It’s super easy to rush growing up on our kids today. Between a myriad of products geared towards helping baby reach the next milestone to social media pressures for our kids to ‘keep up with the Joneses’ to starting formal education as early as age two we definitely live a society eager for children to ‘grow the heck up’. Why?
I’ll be honest, like any self-respecting first time mother I was anxious and obsessed with my little guy hitting milestones on time or early. I had that milestone chart memorized. Burned into my retinas. In a weird way I felt like his achievements were a reflection on my parenting abilities. I mean, come on. He was an infant! His ability to sit up unassisted ‘on time’ had nothing to do with my ability as his mama. But there we were, living in that world. Live and learn, right?!
Then baby #2 came along and everything changed. In. An. Instant. Suddenly my little baby boy wasn’t a baby anymore. He looked huge compared to his newborn sister. And I couldn’t grasp how his first two years flew by so quickly and why I cared so much about what he did and when. He was basically an adult compared to my three week old! It was then that I realized they will crawl when THEY are ready, they will walk when THEY are ready, they will use the potty when THEY are ready. Who am I to rush them along?(I’m not saying not to be aware of milestone timelines. I think there’s a happy medium here between hurrying them along and knowing what the red flags are for when to talk to your doc. Definitely be aware, but not hypersensitive either.)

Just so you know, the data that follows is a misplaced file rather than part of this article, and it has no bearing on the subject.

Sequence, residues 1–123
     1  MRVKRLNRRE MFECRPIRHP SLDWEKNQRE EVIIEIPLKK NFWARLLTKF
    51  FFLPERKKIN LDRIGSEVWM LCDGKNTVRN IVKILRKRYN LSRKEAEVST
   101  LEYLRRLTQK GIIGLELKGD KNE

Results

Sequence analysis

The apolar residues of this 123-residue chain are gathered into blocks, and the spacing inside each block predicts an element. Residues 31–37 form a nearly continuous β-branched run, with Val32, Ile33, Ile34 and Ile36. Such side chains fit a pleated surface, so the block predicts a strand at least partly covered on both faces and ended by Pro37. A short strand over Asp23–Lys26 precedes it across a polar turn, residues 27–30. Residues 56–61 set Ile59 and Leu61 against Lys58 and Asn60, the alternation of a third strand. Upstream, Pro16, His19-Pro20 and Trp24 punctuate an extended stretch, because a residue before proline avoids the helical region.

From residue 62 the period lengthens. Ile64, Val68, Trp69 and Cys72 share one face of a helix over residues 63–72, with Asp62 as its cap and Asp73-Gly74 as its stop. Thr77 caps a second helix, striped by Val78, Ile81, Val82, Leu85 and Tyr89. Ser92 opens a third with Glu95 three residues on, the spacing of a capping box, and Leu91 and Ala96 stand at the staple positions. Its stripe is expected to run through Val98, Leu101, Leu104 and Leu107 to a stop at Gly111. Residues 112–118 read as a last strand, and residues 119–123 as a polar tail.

My son didn’t walk until his first birthday. Both of my children started walking at 17 months. The first time around, it really did bother me but on my second go ’round I came to a place of cherishing each stage they are in and not rushing them into the next one. Because once that stage is gone, it’s gone for good. (cue mama tears)
Did you know we have 18 summers with our kiddos before they leave our nest? And how about 10 Halloween’s to take them trick-or-treating before we’re not as cool as their friends? Then there’s Christmas. How many years do you really have between when they grasp the magical concept of Santa and when they begin to question his existence? Probably about five or six if we were to be completely honest with ourselves. Let those numbers sink in for a hot minute.
I think that innocence is something to be cherished, not rushed. They will all grow up and mature and get to where they are going eventually. So if my little guy still wants me to snuggle him while he falls asleep then a snuggle you shall have, bud! And if my daughter wants to be carried through the zoo, when she can totally sprint through the place, then I’m strapping on the carrier and carrying away! Because one day, in the not so distant future, I will put her down and not pick her back up.
I think the ‘let them be little’ concept was really solidified for me when we entered the toddler/preschooler stage of life. When they could interact with me and I got a glimpse into how their sweet little minds make sense of the world. I know we can’t keep our kids from ever experiencing hurt or their eyes from ever seeing something inappropriate or difficult to understand, but I want to help them stay as little as they can for as long as they will. Which is really just an eye blink in the grand scheme of their lives.
So when you see me carrying my extra tall toddler on my hip or offering my lap as a safe place to land for my upset preschooler or if you see us slowly wandering into preschool because a caterpillar crossed our path, it’s because I need to let them be little. While they actually still are.